In the United States one third of all agricultural output depends on pollinators. Fruit and vegetable growers in Pennsylvania can attest to the significant role pollinators play in the production of many of our crops. Promoting pollinators' habitat on and near the farm benefits everyone who likes to eat!
Insects and other animal pollinators are vital to the production of healthy crops for food, fibers, edible oils, medicines, and other products. The commodities produced with the help of pollinators generate significant income for producers and those who benefit from a productive agricultural community. Pollinators are also essential components of the habitats and ecosystems that many wild animals rely on for food and shelter.
There is evidence that populations of native and managed pollinators are in decline, and the loss of benefits derived from them is being felt by the agricultural community. Human activity such as urbanization can lead to habitat fragmentation or destruction. Changes in agricultural practices and the use of broad-spectrum pesticides can disrupt or destroy long-established pollinator habitats. Other factors leading to pollinator decline include disease, and the spread of invasive plant species.
Whether you are a farmer or a homeowner, there are many ways you can learn about pollinators and help them to prosper by enhancing native pollinator habitats and protecting against pollinator declines.
Just type pollinators into any internet search engine, and you will be presented with pages and pages of links to universities, organizations, agencies, and individuals who share the desire to ensure that pollinators have what they need to do their work. Several links can be found at the bottom of this page.
Did You Know?
Pollinators support biodiversity: There is a correlation between plant diversity and pollinator diversity.
The pollinator population of an area is a great indicator of the overall health of an ecosystem.
Some crops, including blueberries and cherries, are 90 percent dependent on honey bee pollination.
Honey bees visit five million flowers to make one pint of honey.
To produce 150 pounds of honey, bees cover a distance equal to 13 trips to the moon and back.
90 percent of the nation's apple crop is pollinated by bees.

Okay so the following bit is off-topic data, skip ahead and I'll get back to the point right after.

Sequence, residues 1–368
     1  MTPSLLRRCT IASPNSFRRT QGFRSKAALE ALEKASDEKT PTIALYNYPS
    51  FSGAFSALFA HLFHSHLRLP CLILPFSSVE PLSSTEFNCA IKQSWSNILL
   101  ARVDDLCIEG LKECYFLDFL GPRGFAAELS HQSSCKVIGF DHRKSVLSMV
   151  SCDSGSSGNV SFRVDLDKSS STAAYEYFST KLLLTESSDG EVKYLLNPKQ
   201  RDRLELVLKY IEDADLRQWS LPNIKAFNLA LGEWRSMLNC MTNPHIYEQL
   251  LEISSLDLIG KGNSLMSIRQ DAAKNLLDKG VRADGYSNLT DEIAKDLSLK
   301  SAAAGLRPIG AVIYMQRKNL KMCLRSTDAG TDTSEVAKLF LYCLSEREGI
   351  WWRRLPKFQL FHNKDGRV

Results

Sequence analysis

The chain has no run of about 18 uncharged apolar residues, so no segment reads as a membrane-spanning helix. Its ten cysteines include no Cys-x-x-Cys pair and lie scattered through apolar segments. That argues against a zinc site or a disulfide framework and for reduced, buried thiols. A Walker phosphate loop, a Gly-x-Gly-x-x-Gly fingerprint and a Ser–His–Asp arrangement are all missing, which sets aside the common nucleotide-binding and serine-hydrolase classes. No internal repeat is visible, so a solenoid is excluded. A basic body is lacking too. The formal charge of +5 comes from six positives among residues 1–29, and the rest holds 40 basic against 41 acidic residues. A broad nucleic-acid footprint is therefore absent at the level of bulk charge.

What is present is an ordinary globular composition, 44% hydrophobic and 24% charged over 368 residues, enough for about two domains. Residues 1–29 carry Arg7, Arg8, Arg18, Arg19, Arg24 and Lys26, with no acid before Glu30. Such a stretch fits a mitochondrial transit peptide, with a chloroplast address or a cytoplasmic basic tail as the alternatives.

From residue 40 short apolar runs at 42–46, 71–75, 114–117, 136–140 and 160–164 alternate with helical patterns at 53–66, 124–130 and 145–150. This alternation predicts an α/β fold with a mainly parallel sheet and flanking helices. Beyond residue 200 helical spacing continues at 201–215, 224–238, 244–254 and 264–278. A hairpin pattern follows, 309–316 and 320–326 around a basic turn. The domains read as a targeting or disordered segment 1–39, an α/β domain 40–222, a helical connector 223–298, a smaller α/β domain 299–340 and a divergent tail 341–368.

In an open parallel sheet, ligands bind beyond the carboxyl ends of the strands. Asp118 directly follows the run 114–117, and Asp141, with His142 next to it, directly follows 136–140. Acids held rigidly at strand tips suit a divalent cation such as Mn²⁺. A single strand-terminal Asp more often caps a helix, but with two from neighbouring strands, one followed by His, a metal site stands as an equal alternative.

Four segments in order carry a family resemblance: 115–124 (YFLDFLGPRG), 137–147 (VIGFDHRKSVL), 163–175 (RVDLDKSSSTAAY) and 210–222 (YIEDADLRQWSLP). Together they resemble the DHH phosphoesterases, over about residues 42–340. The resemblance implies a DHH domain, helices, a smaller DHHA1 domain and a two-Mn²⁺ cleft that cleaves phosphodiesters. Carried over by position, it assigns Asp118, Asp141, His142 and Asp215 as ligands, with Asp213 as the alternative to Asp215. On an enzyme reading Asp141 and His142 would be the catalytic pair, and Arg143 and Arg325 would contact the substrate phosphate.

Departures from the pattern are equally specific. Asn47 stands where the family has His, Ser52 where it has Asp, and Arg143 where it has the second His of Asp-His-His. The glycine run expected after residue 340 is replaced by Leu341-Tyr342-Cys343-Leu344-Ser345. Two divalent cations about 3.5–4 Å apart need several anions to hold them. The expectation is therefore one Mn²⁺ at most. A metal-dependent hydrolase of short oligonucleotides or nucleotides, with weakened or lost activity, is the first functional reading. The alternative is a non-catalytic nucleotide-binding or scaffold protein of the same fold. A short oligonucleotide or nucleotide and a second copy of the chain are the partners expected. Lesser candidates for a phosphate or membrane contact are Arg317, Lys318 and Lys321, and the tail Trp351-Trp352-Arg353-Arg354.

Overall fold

Bees tend to prefer flowers that they can walk on to sip nectar. Butterflies and moths need a place to land on the flowers that they visit, so they prefer broad, flat-faced flowers.
There are 4000 bee species in the U.S. There are 450 species in New York State alone. *More than 300 species occur in Pennsylvania.
Increased yields and higher quality crops are benefits that growers and consumers realize from a healthy pollinator population, native or managed.
Worldwide, approximately 1,000 plants grown for food, beverages, fibers, spices, and medicines need to be pollinated by animals in order to produce the goods on which we depend.
It’s estimated that there are about 2.4 million bee colonies in the U.S. today, two-thirds of which travel the country each year pollinating crops and producing honey and beeswax.
Flowers bloom during the day and night, depending on which pollinator they need to attract. Day-blooming flowers are often brightly colored, while those that bloom at night are often pale, and may produce sweet scents or odors to attract nocturnal pollinators such as moths and bats.
Tips for Establishing a Healthy Pollinator Habitat
Start right. Flowering plants can be started from seed; shrubs are better established by transplanting seedlings.
Consider the soil characteristics, site drainage, sunlight, and other factors when selecting plants.
Provide a variety of flower colors and shapes to attract different pollinators.
Plant in clumps, rather than single plants, to better attract pollinators.
Choose plants that flower at different times of the year to provide nectar and pollen sources throughout the growing season.
Whenever possible, choose native plants. These plants will be better adapted to your soil type, climate, precipitation, and local pollinators.
Avoid the use of pesticides. Practice Integrated Pest Management (IPM) to reduce damage to your plants and to protect pollinators by using less chemicals.
Visit a plant nursery to ask about pollinator plants suited for your site conditions.
Pollinators, need water too. You can provide water for pollinators with a shallow dish, bowl, or birdbath with half-submerged stones for perches.
USDA Works To Increase Pollinator Population
A video describing the importance of native pollinators in Pennsylvania has recently been posted on YouTube. Produced by Penn State’s Dr. Ed Rajotte and Dr. David Biddinger, “Native Pollinators: A Promising Solution to an Emerging Crisis”, describes the decline of honey bees and the role other native pollinators play in pollination of crops. It depicts the efforts of Penn State’s Center for Pollinator Research, NRCS and the Xerces Society in researching the most effective native pollinators and assisting growers by planting pollinator habitats in farms and orchards in Pennsylvania. For more information on pollinators, visit the Center for Pollinator Research at http://ento.psu.edu/pollinators.
The links provided here are excellent starting points for those interested in learning more about pollinators.